We had a horrible frost the night before last, and I was worried that the babies in the 4 tier blowaway may have experienced jack frost’s kiss of death. They were however, nestled beneath two layers of fleece and had warm water bottles to keep them company. The picture above, doesn’t particularly do them justice. I was waiting for the wind to stop batting them around as a gust had come past. Most of them, are reasonably tall, but not gangly. I suspect they may actually need potting up, so that they can stretch that bit more. I might however, wait them out for the rest of the month, and then move them into the poly tunnel. That is if the Red Duke of York potatoes that currently occupy it have decided to come up and out. There are also some chillies already in there, that for now, have also survived the frost.
After what has been an intense week, things are getting back to normal. I have found myself some compost, and got around to potting things up. The tomatoes were looking as though they were ready to bend and break, so needed to be potted up as matter of urgency. So putting down some newspaper-i did it before my mum instructed me to, and I even hoovered up after-I set about potting up.
I’m not very good at potting up, as you may have garnered. I even managed to decapitate one of the true black brandywine seedlings. To be fair it had already started to keel over a the soil point in having grown leggy. There was no hope for it anyway. Therefore, potting up is something of a delicate operation. I had to concentrate, so pops got a bit worried when I was walking around wearing a scowl and looking rather unhappy. That would be my concentration face.
The tomatoes were planted deep into new pots, right up to or close to their baby leaves. There are still another dozen or so baby tomatoes that are still at their baby leaf stage. But these were starting to send out their second or third set of proper leaves. They still have some time yet before they are move. I daresay that they will probably be potted up once more before they get planted into the poly.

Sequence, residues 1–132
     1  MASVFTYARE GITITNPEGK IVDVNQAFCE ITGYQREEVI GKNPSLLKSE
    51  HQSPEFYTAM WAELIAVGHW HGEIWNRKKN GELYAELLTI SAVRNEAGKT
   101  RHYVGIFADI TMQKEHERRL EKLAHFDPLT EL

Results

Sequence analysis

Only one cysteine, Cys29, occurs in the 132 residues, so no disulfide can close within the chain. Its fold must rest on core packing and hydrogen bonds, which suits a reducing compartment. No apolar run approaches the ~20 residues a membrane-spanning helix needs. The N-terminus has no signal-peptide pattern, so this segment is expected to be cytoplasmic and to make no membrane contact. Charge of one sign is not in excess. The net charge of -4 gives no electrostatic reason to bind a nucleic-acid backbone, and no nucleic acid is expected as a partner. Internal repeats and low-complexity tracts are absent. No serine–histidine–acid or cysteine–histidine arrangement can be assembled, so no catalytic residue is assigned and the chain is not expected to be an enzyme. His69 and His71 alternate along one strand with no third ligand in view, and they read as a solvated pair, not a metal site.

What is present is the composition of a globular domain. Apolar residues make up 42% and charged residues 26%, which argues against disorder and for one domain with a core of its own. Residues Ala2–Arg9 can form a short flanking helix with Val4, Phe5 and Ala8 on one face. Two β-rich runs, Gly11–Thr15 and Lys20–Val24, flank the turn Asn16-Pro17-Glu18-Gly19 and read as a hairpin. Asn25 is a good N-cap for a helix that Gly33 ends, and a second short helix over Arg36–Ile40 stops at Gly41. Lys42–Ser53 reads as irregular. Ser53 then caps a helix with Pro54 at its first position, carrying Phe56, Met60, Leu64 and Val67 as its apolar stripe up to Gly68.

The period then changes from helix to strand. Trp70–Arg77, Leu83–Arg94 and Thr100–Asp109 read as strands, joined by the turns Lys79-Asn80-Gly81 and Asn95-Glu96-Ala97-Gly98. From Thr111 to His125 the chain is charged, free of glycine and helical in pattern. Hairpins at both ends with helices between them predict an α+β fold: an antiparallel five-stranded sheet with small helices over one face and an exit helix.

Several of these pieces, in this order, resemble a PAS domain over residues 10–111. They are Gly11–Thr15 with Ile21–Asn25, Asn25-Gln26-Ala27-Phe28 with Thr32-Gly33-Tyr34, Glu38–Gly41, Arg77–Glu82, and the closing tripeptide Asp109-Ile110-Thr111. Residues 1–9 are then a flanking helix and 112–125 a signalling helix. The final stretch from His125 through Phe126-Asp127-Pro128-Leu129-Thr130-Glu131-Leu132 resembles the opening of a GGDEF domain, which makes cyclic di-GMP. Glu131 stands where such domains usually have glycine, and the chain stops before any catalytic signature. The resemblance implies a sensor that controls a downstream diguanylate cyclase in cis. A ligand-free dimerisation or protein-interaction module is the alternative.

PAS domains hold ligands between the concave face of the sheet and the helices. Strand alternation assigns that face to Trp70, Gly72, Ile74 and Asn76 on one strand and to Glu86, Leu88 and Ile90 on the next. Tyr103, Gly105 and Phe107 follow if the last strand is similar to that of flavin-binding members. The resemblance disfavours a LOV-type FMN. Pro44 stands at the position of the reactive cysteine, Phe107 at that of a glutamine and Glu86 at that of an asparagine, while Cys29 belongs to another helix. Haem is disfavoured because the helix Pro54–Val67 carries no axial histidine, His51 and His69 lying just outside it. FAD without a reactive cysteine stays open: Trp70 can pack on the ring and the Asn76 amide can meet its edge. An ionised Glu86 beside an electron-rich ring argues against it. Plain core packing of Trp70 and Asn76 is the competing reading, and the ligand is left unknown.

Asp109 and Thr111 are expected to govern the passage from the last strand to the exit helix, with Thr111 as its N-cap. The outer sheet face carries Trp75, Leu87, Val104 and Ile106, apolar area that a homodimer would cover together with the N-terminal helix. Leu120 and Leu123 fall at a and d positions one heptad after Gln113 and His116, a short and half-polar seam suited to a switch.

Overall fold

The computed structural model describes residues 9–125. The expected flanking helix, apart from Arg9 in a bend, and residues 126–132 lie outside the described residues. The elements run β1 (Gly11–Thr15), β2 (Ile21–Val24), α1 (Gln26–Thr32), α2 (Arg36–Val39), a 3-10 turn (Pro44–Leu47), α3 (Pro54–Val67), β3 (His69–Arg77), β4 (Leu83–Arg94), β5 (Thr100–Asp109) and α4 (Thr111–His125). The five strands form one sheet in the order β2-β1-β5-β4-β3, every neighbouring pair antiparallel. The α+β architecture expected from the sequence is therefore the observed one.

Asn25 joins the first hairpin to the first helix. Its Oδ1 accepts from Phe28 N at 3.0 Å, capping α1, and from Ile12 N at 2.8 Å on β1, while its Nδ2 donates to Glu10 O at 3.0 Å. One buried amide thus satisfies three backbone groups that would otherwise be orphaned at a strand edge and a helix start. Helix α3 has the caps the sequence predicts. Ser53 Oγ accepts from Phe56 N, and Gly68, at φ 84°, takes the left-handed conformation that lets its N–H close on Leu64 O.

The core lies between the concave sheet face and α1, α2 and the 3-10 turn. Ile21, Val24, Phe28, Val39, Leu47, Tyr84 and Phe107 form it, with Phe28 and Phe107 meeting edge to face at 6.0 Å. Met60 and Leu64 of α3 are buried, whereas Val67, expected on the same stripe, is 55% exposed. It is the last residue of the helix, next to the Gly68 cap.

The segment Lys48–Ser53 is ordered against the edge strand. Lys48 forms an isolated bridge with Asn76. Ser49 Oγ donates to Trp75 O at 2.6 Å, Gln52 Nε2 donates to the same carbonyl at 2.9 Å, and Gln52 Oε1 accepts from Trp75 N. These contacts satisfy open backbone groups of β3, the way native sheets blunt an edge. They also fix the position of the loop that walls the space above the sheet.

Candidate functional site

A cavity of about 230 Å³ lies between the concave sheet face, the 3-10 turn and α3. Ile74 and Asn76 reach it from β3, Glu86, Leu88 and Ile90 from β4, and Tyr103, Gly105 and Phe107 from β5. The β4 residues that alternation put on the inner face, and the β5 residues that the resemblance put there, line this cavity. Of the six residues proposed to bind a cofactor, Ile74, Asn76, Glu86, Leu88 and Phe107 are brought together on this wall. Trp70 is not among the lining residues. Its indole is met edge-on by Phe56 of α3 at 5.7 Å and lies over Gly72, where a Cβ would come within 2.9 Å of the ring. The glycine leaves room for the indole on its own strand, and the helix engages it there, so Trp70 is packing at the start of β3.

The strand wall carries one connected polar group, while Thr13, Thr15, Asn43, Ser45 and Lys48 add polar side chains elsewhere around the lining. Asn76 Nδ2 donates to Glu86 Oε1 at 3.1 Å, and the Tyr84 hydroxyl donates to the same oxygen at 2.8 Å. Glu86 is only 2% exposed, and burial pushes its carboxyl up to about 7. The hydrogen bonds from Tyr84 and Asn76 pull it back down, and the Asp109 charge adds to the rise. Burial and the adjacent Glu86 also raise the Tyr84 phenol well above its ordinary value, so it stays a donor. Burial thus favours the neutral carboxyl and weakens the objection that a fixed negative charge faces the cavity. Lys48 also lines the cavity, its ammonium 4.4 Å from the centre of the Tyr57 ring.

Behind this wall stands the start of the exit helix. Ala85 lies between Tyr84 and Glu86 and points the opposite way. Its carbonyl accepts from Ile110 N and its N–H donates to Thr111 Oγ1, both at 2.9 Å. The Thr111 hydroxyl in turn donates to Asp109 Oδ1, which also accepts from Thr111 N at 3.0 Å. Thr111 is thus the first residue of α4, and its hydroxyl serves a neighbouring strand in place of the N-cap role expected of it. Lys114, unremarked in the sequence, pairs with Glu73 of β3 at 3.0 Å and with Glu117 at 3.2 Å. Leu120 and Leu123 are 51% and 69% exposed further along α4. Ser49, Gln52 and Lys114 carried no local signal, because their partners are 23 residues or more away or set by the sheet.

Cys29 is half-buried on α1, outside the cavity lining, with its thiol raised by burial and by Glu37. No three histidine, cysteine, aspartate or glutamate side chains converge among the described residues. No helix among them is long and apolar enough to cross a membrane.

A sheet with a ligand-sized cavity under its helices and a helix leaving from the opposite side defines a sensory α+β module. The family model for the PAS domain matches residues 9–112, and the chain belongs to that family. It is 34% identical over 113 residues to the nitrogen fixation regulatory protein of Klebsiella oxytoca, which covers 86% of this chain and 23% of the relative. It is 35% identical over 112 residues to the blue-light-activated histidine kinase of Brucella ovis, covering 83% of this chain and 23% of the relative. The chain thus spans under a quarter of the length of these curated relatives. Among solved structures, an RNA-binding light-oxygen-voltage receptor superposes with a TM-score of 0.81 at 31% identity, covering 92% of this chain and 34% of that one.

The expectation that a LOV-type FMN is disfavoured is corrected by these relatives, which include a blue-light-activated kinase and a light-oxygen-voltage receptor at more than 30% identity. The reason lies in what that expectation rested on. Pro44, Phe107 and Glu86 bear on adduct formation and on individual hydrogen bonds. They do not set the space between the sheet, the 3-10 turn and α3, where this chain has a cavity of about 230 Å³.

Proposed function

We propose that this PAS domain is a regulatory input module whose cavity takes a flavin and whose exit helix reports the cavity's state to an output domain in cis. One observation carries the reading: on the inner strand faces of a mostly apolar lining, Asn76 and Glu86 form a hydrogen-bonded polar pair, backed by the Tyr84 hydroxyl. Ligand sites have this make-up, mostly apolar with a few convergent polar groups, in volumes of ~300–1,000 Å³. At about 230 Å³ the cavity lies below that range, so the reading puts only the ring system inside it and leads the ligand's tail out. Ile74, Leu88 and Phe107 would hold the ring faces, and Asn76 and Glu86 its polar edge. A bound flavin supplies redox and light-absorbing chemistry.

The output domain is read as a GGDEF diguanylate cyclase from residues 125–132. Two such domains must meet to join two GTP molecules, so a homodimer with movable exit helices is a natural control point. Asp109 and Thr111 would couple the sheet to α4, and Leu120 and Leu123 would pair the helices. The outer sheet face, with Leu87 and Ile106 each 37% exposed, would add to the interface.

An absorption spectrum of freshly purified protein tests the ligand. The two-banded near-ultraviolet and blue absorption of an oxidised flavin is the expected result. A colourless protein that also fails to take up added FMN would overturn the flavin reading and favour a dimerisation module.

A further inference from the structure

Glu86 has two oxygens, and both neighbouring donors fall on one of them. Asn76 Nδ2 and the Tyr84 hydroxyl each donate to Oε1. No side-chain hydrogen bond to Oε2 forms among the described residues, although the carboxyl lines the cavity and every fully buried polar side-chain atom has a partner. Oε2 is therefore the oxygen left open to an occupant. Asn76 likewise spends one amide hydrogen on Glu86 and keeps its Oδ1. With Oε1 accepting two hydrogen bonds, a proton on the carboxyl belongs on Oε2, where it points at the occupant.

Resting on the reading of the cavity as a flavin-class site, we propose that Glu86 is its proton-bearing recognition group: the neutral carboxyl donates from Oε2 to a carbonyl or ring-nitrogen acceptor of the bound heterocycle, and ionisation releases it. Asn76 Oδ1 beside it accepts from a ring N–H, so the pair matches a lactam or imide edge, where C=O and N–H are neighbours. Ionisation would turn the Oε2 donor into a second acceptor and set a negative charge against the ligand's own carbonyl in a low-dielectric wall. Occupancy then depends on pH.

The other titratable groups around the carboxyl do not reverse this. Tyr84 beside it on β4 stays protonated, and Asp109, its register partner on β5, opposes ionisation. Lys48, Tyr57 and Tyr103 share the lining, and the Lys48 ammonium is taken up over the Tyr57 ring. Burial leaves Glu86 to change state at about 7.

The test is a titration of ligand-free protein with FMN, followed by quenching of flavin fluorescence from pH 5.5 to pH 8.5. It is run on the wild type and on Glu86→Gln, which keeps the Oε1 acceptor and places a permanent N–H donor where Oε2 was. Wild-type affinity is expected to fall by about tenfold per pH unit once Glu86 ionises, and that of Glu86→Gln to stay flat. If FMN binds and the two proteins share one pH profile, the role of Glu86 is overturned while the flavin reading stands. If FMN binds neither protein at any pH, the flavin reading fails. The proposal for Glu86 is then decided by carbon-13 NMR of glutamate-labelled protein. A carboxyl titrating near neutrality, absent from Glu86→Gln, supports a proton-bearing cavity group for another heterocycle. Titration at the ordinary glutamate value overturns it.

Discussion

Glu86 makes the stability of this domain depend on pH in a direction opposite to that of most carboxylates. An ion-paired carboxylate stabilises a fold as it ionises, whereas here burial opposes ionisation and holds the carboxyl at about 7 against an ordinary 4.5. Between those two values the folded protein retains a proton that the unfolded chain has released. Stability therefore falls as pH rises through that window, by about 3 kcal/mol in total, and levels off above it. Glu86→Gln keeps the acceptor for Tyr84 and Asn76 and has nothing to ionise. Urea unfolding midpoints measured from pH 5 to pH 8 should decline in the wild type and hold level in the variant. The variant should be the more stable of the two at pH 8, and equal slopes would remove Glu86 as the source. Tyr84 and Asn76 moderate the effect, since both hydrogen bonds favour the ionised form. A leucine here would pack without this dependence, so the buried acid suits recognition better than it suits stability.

Then, then we have the chillies. You have heard a fair bit of them lately. But they too needed potting up to varying levels. They are all incredibly leafy, and healthy looking. I did have a mild panic when earlier this week, a couple of the specimens were a bit wrinkly and dehydrated. So had to have a lot of water poured into their gravel tray. I rather like my chilli babies, and will be heartbroken if they keel over. Most of them now look a little more respectable having graduated from their yogurt pots and into the 7 cm pots. The habaneros were also potted up, they are sending out leaf pairs three and four, even though they are smaller in size compared to the rest of their cohort. I think that is trend for habaneros, as the other varieties are growing at a much speedier rate. I also had not realised quite how many Hungarian Hot wax chillies I had sown. There a number of Aji Limo, together with few cayenne babies.
The first of the tomatoes have germinated and come through. I think I have six surviving germinators, with one keeling over with the cold. These have been transplanted into yogurt pots from their modular compartments. I have to say, that the trick by Allotment Lena works. Where you use a spoon to transplant from one place to another. There appears to be less root disturbance. There are not many that have come through, yet money maker tomato seems at this stage to be the quickest out of the blocks. There were 24 sections in the modules, and so far seven have come through. I think I may have made the compost a little too damp. Going to see how many more come through, and then I will look at sowing some more. Was thinking about where to put these when they grow larger, and the poly tunnel seems to be the best place. I have always grown tomatoes outside, and never had them ripen. Putting them into the polytunnel is probably going to be more useful.
The chillies are starting to get a wriggle on, and these have also been transferred from modules to other pots. I did have a panic as some of them looked a little shrivelled. I had thought thought that I had lost most them. Much hand wringing ensued. However, covering them with a propogater lid, these were a little revived with the heat and light being trapped to warm them up again. The cayenne chillies were the quickest to come through, and with the Aji Limo chillies are the more robust looking. Pumpkin and raindrop chillies are by far the daintiest of the lot. Debating, as to whether I sow some more. Unlike last year, I don’t plan to plant them directly into the ground in the poly. The plan is to plant into pots, based upon previous experience.
There are eight varieties in all, I am still waiting for orange and chocolate habaneros to germinate. In previous experience, these do take a while. I don’t particularly want to pop them into a heated prop, as they end up leggy and wiry.
I got a little bored of chopping tomatoes, so only half of that trough actually made it into chutney. Lots of green tomatoes, with a onion, garlic and ginger base.
Were added to cider vinegar, purée tomatoes, mustard, cumin, chillies, cayenne, paprika, turmeric, peppercorns , fennel and white mustard seeds. Cooked slowly until a large amount of the liquid has disappeared.
I did put a fair bit of tomato purée so that it didn’t look like a green mess. So far it tastes as though it has a kick.